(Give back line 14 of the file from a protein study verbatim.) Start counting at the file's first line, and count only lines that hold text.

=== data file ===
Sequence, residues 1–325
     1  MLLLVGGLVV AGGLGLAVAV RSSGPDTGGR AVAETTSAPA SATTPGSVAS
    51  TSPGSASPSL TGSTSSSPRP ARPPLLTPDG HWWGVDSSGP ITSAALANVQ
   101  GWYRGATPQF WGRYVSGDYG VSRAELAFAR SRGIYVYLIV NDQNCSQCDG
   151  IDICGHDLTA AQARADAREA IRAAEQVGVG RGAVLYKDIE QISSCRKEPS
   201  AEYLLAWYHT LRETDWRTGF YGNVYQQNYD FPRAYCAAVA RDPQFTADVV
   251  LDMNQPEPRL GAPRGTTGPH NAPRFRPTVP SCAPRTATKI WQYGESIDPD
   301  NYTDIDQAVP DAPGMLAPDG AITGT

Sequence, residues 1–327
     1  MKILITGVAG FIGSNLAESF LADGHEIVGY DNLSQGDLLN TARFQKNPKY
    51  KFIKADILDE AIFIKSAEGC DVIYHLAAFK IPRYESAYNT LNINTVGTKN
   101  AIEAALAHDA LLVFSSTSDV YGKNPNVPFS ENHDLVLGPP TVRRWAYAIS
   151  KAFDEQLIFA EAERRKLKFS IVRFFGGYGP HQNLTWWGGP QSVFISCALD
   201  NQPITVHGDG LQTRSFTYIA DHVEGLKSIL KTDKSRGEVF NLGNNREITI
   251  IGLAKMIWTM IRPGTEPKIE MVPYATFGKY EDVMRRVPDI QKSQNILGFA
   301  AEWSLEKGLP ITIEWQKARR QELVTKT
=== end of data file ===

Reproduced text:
   201  NQPITVHGDG LQTRSFTYIA DHVEGLKSIL KTDKSRGEVF NLGNNREITI